Towards the end of Kamenetz book I started to realize something profound. In many times of transition in my life and upheaval I have had a similar nightmare, one where I am in danger. This manifests itself into two different types of dreams. One is a dream where I walk out of my house and into the street at night, but suddenly I’m very far from my house, and the street is not just dark, it’s pitch dark and I am suddenly in a not good part of town and to get from where I am to home requires me to walk through dangerous areas and I am utterly alone. While the landscape of this dream shifts subtly with new geographies, the dynamic is always the same. In the other dreams, a more creative touch is applied as I am killed or about to be killed in a myriad of ways. One is I’m Princess Diana in the back of the limo and the limo driver turns out to be the killer who pulls over under a freeway and takes out an elaborate leather choking device and puts it on his arm like a tefillin and then begins to strangle the life out of me. This is only one of many ways I’m about to die in these dreams. And similar to the dark street dreams I’m on my own.
In Kamenetz book I found a key to get inside my dream and change that device. He talks about how dreams have a pathology and once you identify it, you learn more about yourself than most waking lessons provide in a lifetime. My pathology, I realized, was that in every situation where I’m in danger, I’m alone and more importantly, I don’t think anything of that being the problem. I’m alone because I never seem to call out for help, I never seem to ask anyone to show me the way out, and I always think in the dream that I have to figure this out myself or I’m doomed.
Just in this last week of illness and coming to the end of Kamenetz book, the worm turned in my dreams. I dreamed the other night that I had walked out of my house and was going to get something and then wound up on that dark street, in that bad neighborhood, only this one was really bad because it housed an infamous criminal and yet, the first thing I did was turn to a young girl walking her black lab and ask her for help. She smiled and said, “Sure,” and then she told me that she had gotten her dog from that very criminal and began to tell me the history of the neighborhood. She walked me home, and suddenly the dark eery landscape softened and became a place, a place I wasn’t scared to be in (read: because I wasn’t alone).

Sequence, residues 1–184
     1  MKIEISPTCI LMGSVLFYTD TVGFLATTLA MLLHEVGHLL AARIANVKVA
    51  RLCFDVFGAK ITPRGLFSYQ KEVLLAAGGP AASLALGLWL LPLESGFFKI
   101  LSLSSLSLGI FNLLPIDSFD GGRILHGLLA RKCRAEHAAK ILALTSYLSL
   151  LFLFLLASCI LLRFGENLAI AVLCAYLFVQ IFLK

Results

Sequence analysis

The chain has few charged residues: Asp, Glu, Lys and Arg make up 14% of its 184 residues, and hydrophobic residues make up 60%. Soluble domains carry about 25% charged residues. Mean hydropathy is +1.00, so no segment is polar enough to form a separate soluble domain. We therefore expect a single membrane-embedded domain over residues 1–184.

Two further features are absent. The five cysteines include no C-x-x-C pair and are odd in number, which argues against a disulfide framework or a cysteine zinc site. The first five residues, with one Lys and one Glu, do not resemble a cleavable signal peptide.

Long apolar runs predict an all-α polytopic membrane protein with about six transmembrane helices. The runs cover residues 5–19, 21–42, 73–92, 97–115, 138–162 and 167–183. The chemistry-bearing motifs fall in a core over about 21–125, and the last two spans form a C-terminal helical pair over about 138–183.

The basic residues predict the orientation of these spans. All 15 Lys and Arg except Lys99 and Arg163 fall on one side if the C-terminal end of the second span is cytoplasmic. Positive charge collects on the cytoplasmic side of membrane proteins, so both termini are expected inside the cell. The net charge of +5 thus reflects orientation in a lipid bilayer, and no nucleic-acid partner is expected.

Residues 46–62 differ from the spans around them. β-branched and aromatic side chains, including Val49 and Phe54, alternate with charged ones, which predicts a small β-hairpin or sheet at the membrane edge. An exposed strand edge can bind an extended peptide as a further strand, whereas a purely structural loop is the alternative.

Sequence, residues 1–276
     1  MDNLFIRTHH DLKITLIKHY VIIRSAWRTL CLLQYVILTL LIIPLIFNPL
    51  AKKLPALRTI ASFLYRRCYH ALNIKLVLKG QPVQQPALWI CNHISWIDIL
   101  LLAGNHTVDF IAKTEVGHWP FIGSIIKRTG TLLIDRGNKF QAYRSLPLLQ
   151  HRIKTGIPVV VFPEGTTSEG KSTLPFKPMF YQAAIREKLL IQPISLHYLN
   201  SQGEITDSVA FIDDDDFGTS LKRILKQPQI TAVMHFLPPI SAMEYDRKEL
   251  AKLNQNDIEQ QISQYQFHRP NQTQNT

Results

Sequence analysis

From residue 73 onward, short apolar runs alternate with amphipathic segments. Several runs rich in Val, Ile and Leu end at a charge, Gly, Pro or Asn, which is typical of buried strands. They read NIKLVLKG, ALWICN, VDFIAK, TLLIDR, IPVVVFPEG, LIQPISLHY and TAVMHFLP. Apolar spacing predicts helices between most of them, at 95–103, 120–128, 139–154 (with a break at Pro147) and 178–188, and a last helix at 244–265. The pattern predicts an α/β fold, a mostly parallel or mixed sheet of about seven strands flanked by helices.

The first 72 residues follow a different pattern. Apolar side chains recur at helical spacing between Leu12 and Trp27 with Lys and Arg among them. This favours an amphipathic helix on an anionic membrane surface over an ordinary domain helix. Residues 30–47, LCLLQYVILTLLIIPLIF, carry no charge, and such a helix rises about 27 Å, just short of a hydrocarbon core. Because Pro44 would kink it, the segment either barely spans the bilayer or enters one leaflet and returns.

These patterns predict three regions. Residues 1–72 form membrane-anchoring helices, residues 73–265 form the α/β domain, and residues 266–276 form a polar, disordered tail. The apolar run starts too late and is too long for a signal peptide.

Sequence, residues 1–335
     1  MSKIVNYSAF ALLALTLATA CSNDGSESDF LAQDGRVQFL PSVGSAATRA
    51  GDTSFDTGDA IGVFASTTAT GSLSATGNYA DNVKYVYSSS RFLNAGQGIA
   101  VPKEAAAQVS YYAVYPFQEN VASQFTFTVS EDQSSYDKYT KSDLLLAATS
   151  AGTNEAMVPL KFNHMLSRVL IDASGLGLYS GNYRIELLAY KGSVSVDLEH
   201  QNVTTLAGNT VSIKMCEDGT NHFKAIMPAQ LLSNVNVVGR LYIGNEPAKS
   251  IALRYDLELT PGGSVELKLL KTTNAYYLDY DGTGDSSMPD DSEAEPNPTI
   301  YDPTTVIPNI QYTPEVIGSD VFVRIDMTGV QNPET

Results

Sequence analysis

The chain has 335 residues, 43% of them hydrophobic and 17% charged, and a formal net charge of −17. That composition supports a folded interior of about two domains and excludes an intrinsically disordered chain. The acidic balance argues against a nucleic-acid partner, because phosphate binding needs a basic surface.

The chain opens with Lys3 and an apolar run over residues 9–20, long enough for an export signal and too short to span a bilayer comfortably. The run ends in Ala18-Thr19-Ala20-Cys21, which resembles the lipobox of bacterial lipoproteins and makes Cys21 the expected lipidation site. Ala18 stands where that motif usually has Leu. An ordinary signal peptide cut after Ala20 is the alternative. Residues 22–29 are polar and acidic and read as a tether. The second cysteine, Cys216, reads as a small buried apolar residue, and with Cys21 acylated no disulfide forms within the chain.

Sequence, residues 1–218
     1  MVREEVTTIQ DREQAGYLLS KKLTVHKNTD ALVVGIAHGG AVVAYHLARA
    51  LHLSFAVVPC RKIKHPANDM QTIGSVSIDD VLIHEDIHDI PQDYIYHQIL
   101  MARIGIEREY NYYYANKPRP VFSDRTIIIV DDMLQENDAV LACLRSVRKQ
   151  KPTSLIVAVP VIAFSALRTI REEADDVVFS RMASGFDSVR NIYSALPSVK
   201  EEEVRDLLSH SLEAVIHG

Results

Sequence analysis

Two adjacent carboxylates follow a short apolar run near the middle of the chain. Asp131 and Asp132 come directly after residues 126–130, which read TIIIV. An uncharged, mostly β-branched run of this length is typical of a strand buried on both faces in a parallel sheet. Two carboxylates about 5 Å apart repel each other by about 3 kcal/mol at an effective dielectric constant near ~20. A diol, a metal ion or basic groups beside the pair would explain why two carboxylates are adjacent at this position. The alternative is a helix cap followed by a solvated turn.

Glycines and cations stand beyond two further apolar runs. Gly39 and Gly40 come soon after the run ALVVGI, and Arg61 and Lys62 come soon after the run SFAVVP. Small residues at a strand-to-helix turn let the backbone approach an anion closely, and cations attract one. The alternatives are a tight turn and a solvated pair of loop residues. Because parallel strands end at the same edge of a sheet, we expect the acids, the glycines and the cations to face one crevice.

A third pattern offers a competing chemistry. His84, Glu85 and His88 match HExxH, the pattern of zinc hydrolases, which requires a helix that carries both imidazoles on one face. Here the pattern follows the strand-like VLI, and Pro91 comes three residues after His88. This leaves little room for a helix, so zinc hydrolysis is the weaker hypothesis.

I went back to other dreams that have proliferated my nightscape since I moved to the Spirit House, where I’m holding children, babies or toddlers, or speaking to people with toddlers, and I came to realize they were all trying to help me learn more about myself in an unencumbered way. The child’s way is not blocked by the adult’s fear. These weren’t babies as in my wanting more children in my life, but rather as Kamenetz says in his book, the child in the dream is a gift who helps you learn your soul’s path:
… First you must encounter your predicament, and see your opposition; this is the first gift of the dream. Then you can find the essential image of the soul; this is the second gift. Finally, as the child you explore this imaginal space and learn from the archetypes; this is the third gift.
Seeing as a child removes the stacking fears that we as adults have accumulated in our life. Acknowledging and accepting, not removing or eradicating, fear in my life has helped me tremendously. I owe learning about fear to my being able to move up a rung to a level that still invokes a touch of altitude sickness in my gut, but each moment I am able to hold my eyes wide open for any length of time, I’m blessed with a view.
And this ain’t no ordinary view, people. Because this ain’t no ordinary life.